I love it. And I love that I am hiking with two awesome humans with whom I have so much in common.
After lunch we began a climb up Mangas Mt, up to 9,600 feet, the highest we’ve been on this trail thus far. We had decided to take a break on the side on the dirt road we were hiking on when a car came around the corner. Whoa. The car pulled up and a woman rolled down the window. OB jumped up and whooped as she said, “I found you!” Turns out Cashmere, the driver, and OB met on the PCT and she just finished the Arizona Trail and decided to track OB down and bring some trail magic. She had a good idea of where we might be because we had a signal yesterday and OB posted something on social media about where we’d be. But damn, it takes some serious talent to find someone out in this stretch of trail. Cashmere brought chips, oranges, bananas, candy bars, sodas, and some really great energy. I was so happy that OB got to see his friend and that I was there to see this pretty incredible exchange. And my first trail magic besides water! Yay! Thank you Cashmere!
I had more hiking to do so we climbed up and got hailed on and it was cold! I was happy to descend and now here I am all cozy in my tent. Tomorrow morning I’ll hit the trail angel’s house and hopefully get showers and laundry. It’s been over a week since I’ve done laundry and about a week since my last shower.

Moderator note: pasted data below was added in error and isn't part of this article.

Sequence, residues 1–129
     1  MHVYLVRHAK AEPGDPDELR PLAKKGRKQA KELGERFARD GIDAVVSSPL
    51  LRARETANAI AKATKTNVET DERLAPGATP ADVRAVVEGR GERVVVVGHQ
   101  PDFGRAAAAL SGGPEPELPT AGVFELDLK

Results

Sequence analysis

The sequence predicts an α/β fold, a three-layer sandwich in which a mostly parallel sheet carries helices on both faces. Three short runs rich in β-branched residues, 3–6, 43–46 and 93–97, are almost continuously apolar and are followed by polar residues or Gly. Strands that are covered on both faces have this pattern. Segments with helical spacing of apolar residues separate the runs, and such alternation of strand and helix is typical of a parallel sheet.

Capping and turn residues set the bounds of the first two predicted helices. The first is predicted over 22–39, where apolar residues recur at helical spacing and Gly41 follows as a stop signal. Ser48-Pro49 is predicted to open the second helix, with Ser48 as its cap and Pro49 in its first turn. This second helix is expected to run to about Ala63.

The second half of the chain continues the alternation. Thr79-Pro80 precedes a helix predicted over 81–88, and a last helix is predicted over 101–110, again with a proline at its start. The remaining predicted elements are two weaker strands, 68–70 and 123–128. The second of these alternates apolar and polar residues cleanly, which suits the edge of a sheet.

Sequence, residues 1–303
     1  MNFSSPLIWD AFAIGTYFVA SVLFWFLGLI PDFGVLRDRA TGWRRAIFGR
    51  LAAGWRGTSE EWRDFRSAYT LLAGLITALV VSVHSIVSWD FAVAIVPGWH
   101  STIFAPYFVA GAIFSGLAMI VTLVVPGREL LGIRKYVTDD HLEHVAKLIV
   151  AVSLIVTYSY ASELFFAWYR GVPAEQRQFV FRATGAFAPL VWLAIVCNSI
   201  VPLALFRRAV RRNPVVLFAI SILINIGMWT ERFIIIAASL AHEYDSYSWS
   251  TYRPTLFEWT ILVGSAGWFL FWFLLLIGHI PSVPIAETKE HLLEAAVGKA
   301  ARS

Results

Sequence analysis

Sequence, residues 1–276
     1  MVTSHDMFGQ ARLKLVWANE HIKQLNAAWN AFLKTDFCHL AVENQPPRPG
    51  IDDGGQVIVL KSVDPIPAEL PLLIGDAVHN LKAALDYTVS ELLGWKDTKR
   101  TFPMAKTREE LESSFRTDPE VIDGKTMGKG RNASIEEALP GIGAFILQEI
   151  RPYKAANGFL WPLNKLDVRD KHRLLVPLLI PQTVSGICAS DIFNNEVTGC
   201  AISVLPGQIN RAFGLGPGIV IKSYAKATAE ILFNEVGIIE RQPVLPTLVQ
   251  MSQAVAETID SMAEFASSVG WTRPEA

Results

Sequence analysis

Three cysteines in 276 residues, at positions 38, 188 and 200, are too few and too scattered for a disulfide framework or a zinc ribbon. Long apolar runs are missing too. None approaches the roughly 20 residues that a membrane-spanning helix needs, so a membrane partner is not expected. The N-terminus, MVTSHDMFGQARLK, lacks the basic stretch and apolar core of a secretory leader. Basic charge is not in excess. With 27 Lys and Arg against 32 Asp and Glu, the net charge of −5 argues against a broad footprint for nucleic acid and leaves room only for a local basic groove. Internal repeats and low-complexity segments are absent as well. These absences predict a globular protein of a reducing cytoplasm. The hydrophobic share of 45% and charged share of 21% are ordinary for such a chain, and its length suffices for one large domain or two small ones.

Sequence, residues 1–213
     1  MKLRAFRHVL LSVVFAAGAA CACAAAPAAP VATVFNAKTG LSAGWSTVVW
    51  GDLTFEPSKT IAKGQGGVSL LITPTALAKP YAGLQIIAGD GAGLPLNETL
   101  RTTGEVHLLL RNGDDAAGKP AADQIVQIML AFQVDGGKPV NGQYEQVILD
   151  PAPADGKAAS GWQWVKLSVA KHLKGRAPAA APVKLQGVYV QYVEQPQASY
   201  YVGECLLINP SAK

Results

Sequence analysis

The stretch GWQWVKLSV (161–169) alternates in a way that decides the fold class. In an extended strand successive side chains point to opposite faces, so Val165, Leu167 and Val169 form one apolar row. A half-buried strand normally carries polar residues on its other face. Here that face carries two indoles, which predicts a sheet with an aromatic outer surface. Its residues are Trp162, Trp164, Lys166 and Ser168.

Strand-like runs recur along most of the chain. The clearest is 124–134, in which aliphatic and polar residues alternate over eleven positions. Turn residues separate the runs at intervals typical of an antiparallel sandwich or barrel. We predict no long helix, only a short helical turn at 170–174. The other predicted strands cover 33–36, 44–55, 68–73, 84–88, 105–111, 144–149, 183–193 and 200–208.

April 24 Pie Town Alternate Mile 34
Serious ice sheets covered my rain fly this morning and when I packed up I didn’t even bother to shake them off. I got a bit of a later start which was fine since I was only hiking about 6 miles or so to the Davila Ranch. A somewhat unexpected experience. I knew that it was there but wow, trail angel John really did a great job. A toilet, shower with soap and hair stuff, washer and dryer with soap, two refrigerators, one with sodas and beer and the other with eggs, potatoes, spinach, onions and garlic, condiments and more. The freezer was full of bacon and hot dogs. There were cans of beans and soup. Two propane stoves. Running water outside to drink and clean dishes. I cooked up scrambled eggs and spinach while OB made bacon. After microwaving a dozen hot dogs I chopped them and dumped them in a pot with some baked beans.
Once I was stuffed I took a long hot shower and dove into the internet for a spell. After laundry and lounging, it was time to get a few more miles before calling it a day. This alternate has been almost all on dirt roads so it’s kinda nice just to put on the headphones and cruise. OB, Max and I are camped about 5 miles shy of Pie Town where we’ll take a nearo (nearly a zero day) and rest. This has been a challenging stretch and I feel like I am a stronger hiker now than when I began. It’s a trend I could get used to!